Bullet drop difference .223

Discussion in 'Ammunition & Reloading' started by sterzenbach, Sep 24, 2015.

  1. sterzenbach

    sterzenbach
    Bend Oregon
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    Hey guys im new to using commercial .223/556 ammo. I finally suckered into an ar, 16in bull barrel match trigger ect.
    Ive been shooting American eagle 556 to sight in and play a bit these last few weeks. I got around to playing with loads, nosler 64gr bonded with cfe223 25.80 charge cci SRP. My load is spot on, real tight group at 100 yards, and just barely barely craters the primer. You really have to study it to see.

    95% of my shooting over the years has been with my own loads, very little commercial. I did alot of .223 for my remington 700, and I load .308 all day for a variety of rifles.
    My Issue is consistently my load is shooting center with the commercial ammo 556 62gr, but about 12in lower. Is this normal for the hotter 556 or what? Both give me tight groups just a different location on paper.
    Any input would be greatly appreciated.
     
  2. rick benjamin

    rick benjamin
    USA, Or, Damascus
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  3. orygun

    orygun
    West Linn
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    Good advice. Just because a load is reaching maximum pressure (or higher) does not mean it's fast...
    Cratering primers, even slightly, is likely a sign of high pressures. So, unless your gun has a sloppy firing pin to bolt face fit, you're likely past where you want to be, pressure wise, in that gun.
    My bubblegum-umption is that your handload isn't travelling as fast as the factory load, but only a chronograph will confirm.
    Ballistics is a goofy science. One thing that can happen in a handgun, which isn't as likely with a rifle, is that a faster bullet can strike the target lower than a slower bullet. This is because of less barrel time of the faster bullet. The lighter bullet exits the barrel before the gun has recoiled as much it will with a bullet that takes longer to exit.
    I remember thinking that my handloads were making a certain FPS because the manual said so. When I got a chronograph I learned how wrong I was...
     
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  4. Dyjital

    Dyjital
    Albany, Ore
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    When speed is unknown.....
     
  5. rick benjamin

    rick benjamin
    USA, Or, Damascus
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    280 Ackley improved kaboom a DRRC 2015-9-10.JPG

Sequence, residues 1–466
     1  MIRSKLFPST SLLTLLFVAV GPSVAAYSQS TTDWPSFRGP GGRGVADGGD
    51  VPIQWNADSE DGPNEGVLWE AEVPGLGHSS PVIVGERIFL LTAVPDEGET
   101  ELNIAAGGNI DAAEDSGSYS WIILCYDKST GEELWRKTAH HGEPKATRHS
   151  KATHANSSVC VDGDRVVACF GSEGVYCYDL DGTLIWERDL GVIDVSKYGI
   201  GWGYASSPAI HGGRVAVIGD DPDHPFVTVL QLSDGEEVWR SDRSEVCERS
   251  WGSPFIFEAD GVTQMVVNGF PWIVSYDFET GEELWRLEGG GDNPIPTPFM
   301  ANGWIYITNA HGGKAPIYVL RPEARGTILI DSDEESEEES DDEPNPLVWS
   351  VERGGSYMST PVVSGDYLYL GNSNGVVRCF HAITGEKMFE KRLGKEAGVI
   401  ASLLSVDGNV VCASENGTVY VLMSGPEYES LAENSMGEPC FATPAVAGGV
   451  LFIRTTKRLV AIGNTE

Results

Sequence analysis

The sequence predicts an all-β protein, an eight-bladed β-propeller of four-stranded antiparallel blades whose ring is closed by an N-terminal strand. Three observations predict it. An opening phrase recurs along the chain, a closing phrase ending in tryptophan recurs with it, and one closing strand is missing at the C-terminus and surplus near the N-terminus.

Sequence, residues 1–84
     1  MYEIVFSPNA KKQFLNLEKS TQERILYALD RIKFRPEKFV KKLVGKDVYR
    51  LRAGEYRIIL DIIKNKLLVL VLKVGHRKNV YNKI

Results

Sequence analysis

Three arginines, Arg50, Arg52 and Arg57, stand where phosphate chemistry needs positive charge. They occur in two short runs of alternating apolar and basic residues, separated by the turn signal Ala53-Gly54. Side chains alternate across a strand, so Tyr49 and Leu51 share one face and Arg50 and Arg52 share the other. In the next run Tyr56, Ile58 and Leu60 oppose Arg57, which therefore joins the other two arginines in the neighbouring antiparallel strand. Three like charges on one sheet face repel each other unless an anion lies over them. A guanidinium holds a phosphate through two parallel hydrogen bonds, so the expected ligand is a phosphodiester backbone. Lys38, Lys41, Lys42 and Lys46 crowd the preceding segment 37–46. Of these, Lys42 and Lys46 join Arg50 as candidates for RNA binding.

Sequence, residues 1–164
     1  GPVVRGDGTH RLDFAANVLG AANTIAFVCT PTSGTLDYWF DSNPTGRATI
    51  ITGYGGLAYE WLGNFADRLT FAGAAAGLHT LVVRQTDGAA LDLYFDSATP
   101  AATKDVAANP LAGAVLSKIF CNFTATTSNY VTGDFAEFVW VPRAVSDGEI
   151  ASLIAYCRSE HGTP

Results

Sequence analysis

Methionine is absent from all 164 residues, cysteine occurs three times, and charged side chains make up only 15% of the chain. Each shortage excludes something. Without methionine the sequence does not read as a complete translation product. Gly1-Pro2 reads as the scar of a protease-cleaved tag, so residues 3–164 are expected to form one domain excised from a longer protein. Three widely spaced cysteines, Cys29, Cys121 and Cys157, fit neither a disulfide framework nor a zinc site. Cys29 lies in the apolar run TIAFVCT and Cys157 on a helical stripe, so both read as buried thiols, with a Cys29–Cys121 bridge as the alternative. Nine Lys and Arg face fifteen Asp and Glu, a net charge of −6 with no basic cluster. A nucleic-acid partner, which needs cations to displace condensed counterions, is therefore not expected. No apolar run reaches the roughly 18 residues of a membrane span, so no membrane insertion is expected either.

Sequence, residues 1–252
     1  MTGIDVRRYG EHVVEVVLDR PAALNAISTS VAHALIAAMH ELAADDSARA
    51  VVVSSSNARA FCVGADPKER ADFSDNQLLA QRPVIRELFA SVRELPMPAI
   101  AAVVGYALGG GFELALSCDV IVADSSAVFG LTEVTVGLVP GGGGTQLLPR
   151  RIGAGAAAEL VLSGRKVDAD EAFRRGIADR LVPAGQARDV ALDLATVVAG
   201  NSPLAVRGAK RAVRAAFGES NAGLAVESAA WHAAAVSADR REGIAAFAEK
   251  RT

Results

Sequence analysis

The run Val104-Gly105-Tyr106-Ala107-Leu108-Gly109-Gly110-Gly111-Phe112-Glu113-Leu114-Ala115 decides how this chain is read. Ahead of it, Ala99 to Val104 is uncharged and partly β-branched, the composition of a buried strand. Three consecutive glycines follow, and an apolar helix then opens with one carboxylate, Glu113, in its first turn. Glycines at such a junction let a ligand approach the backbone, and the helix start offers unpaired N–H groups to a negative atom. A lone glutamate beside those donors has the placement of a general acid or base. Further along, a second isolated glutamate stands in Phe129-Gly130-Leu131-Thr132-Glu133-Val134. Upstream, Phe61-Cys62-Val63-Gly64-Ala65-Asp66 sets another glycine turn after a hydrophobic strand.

DRRC 9-10-2015 no serious injury
    no stock remaining ahead of the grip
    280 Remington Ackley Improved handloads
    Berger VLD 180gr .284
    280 Ackley improved kaboom b.JPG
    280 Ackley improved kaboom receipe.JPG
    No chronograph
    Case separation
    No primer cratering observed
    Couldn't find a .280 bullet recipe for 280AI above 175 gr
    For 175 gr, all these loads are 1+grains higher than maximum recommended.
    and then there's the magnum primers.:eek:
     
    Last edited: Sep 25, 2015
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  6. ChiefStealth

    ChiefStealth
    Graham, Wa.
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    12in difference in POI, at 100 yards? Wow! I've never seen THAT much difference. I've also shot some of that American Eagle XM193 stuff. Less than an inch vertical difference from my handloads with 55gn Xtreme bulk bullets. About 1 inch higher with Hornady 60gn V-Max.
     
  7. salmonriverjohn

    salmonriverjohn
    N.W Oregon coast, Gods country
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    You betcha,,, folks sometimes don't stop and consider that when using a magnum primer the load pressure= a one grain increase.
    Most of my best accuracy loads are no where near top end or compressed loads;)
     
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  8. v0lcom13sn0w

    v0lcom13sn0w
    45th Parallel
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    ALL of my most accurate loads are well under max loads.
     
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  9. jluck

    jluck
    Really,Really, Close to Newport Oregon 97365
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    99% percent of the time this is true. In my experience.
     
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  10. Dyjital

    Dyjital
    Albany, Ore
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    Almost smack dab in the middle for mine.
     
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  11. v0lcom13sn0w

    v0lcom13sn0w
    45th Parallel
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    so is slower more accurate or is it knowing theres less felt recoil that impacts how a guy shoots?

    both?
     
  12. 2506

    2506
    Seattle
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    Maybe. Also, finding the most accurate load is one part trial-and-error, one part science, and the rest is alchemy. My 6mm groups get smaller with speed. My 300 WM likes 180gr bullets at 3100fps-- any other weight or speed and accuracy goes out the window. Like everything, there is no single causality.
     
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